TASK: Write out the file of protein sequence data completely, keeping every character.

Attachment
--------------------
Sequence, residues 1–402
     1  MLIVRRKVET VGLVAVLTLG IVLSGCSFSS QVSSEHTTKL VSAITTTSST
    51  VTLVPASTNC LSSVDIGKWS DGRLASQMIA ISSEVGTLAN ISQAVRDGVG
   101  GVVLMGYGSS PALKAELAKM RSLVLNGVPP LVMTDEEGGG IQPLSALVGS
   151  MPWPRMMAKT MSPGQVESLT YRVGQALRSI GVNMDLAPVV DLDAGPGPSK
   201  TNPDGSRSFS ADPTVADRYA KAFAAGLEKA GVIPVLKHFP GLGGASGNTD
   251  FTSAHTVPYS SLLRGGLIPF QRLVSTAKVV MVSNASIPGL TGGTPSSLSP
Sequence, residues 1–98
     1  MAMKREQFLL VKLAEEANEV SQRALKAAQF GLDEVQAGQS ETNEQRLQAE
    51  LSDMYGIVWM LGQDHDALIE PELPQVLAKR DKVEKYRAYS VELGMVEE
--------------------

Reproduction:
Sequence, residues 1–402
     1  MLIVRRKVET VGLVAVLTLG IVLSGCSFSS QVSSEHTTKL VSAITTTSST
    51  VTLVPASTNC LSSVDIGKWS DGRLASQMIA ISSEVGTLAN ISQAVRDGVG
   101  GVVLMGYGSS PALKAELAKM RSLVLNGVPP LVMTDEEGGG IQPLSALVGS
   151  MPWPRMMAKT MSPGQVESLT YRVGQALRSI GVNMDLAPVV DLDAGPGPSK
   201  TNPDGSRSFS ADPTVADRYA KAFAAGLEKA GVIPVLKHFP GLGGASGNTD
   251  FTSAHTVPYS SLLRGGLIPF QRLVSTAKVV MVSNASIPGL TGGTPSSLSP
Sequence, residues 1–98
     1  MAMKREQFLL VKLAEEANEV SQRALKAAQF GLDEVQAGQS ETNEQRLQAE
    51  LSDMYGIVWM LGQDHDALIE PELPQVLAKR DKVEKYRAYS VELGMVEE